The disparity-widening impact of income tax cuts becomes even more glaring when looking at the poorest and wealthiest Kentucky communities. Anchorage Independent School District relies on the state for just 31.4% of total state and local funding for education, while Wolfe County School District relies on the state for 88.4%. Yet per-pupil state and local funding in Anchorage is about $9,000 more than in Wolfe County. While delivering huge tax cuts to a disproportionate share of Anchorage residents, shift and shaft tax policy will increase taxation on Wolfe County residents and harm their main, already inadequate source of education funding.
Income tax cuts also leave less revenue to pay teachers, public defenders, social workers and other public employees. According to Census data, women comprise 49.5% of total employment in Kentucky, but 61.5% of public employment. That means tax cuts lead to wage erosion for the public sector and are helping to drive the gender pay gap. Already, the state has allowed state worker pay to decline by 4% on average since 2008, while private sector wages have risen by 13%. For Kentucky teachers, 82% of whom are women, average pay has fallen 8.1% since 2008, with even deeper cuts in some communities.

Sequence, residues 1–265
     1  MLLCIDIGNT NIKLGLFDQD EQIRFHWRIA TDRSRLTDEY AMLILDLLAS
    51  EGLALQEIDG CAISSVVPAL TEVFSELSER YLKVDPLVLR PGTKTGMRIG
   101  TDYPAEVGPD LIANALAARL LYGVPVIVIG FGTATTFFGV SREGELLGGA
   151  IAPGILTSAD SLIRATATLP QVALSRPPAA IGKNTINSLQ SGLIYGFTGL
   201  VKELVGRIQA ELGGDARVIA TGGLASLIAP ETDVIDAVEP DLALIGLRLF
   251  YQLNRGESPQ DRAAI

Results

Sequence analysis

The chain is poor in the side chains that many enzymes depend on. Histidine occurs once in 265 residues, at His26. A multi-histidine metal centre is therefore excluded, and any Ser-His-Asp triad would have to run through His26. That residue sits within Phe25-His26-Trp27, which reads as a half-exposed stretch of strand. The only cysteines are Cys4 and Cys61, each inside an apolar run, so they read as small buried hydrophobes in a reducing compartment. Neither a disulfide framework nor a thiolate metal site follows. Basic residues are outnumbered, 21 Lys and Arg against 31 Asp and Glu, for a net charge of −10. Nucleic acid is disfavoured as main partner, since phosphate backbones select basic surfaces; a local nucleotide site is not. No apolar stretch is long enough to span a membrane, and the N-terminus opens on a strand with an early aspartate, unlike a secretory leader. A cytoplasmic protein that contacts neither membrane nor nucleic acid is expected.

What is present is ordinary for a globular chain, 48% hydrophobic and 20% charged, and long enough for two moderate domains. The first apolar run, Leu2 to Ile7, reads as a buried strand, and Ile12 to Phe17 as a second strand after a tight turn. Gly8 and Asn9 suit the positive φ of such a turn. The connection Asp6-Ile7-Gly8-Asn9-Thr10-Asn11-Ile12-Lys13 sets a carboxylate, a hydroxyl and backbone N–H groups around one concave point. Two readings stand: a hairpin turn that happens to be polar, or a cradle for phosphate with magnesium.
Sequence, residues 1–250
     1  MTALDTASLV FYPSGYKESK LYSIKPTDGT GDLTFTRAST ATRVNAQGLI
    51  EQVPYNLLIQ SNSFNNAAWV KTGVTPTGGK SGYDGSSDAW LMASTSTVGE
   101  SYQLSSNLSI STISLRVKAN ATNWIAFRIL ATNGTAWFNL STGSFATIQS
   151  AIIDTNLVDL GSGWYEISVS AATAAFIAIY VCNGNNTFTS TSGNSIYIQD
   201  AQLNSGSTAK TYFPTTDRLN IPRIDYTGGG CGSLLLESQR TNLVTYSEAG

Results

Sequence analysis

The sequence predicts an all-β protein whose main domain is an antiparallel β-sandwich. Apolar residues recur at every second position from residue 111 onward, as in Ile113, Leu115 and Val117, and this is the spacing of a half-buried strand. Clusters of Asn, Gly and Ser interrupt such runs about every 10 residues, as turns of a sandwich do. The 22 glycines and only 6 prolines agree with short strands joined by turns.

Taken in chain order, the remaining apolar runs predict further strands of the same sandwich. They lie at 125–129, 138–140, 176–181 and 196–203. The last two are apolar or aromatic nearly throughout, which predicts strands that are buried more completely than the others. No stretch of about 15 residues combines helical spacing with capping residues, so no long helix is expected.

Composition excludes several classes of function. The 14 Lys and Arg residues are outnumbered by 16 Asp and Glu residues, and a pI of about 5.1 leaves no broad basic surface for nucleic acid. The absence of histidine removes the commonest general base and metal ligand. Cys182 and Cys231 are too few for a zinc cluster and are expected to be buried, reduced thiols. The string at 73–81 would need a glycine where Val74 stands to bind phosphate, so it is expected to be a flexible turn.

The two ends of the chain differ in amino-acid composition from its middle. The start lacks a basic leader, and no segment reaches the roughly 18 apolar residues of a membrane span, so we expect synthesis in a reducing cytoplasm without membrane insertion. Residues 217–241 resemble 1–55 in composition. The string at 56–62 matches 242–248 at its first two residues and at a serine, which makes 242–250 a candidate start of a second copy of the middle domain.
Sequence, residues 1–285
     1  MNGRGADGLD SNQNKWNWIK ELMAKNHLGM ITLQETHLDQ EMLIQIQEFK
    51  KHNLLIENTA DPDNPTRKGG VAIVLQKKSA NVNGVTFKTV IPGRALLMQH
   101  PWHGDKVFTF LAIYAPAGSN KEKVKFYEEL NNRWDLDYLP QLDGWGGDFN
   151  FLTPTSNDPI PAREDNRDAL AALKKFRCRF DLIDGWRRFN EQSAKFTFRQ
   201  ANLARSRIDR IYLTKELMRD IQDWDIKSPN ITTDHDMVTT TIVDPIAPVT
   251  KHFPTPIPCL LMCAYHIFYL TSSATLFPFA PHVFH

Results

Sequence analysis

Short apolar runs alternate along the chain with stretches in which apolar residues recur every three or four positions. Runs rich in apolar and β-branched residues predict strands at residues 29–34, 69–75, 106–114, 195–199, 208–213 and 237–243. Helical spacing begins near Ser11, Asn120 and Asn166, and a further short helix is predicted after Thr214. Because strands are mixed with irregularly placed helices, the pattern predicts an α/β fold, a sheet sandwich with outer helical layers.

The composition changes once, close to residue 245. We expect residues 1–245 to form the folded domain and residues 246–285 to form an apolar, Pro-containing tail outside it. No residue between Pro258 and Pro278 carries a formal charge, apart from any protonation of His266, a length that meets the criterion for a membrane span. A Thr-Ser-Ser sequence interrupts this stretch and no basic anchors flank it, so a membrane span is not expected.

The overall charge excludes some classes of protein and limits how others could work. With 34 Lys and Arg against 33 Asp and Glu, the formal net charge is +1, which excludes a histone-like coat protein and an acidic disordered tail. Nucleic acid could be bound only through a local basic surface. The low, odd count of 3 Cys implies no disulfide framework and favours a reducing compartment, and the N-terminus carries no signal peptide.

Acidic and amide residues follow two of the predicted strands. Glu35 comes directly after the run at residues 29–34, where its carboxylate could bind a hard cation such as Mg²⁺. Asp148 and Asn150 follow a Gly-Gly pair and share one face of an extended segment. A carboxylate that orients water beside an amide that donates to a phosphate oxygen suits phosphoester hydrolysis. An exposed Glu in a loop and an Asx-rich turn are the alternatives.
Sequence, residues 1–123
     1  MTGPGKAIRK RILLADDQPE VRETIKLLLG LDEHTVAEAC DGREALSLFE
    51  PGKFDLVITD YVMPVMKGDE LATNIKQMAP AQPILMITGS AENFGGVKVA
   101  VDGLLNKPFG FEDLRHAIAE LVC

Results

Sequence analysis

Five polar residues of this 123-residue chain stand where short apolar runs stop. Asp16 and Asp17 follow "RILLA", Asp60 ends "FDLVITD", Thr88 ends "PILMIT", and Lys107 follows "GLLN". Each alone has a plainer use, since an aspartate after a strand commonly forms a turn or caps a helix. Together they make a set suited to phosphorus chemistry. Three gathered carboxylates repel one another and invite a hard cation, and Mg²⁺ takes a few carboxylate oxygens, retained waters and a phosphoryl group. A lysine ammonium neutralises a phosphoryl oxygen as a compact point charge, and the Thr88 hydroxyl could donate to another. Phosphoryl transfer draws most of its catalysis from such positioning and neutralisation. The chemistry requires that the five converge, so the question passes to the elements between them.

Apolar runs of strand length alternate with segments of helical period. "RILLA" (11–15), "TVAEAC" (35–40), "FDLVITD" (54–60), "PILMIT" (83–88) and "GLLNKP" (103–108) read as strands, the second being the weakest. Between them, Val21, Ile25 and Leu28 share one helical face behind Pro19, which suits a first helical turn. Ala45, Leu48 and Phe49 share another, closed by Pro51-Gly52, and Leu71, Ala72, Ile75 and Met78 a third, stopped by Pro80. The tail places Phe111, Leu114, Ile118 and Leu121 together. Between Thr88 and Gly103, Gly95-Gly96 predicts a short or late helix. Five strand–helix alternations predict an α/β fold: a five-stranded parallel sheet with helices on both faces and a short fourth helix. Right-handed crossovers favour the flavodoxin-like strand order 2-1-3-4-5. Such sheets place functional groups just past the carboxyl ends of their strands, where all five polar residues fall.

In addition to widening gender-based pay disparities, that decline in public sector pay has a bigger negative impact in rural communities where the public sector makes up a larger share of the local economy. On average across the state, wages from state employment make up 1.6% of total wages, but in Wolfe County, for instance, wages from the public sector account for 4.8% of total wages. Depriving state workers of raises year after year deprives some local economies of a relatively more critical source of economic activity.
Rising college tuition, child care deserts, and a lack of services and resources for people with disabilities and for seniors are just a few more of the harmful impacts of income tax cuts on Kentucky communities – especially communities that can’t afford private services when the state prioritizes tax cuts for the wealthy over public investments.
Income tax cuts are often framed in terms of makers and takers. Those who would give the ultra-wealthy huge tax cuts label them as the makers in order to justify redistributing even more wealth upwards. But income tax cuts take resources from people and communities working every day in undervalued jobs in the context of deeply entrenched barriers to equality, and give those resources to people for whom the rigged economy is already delivering big dividends.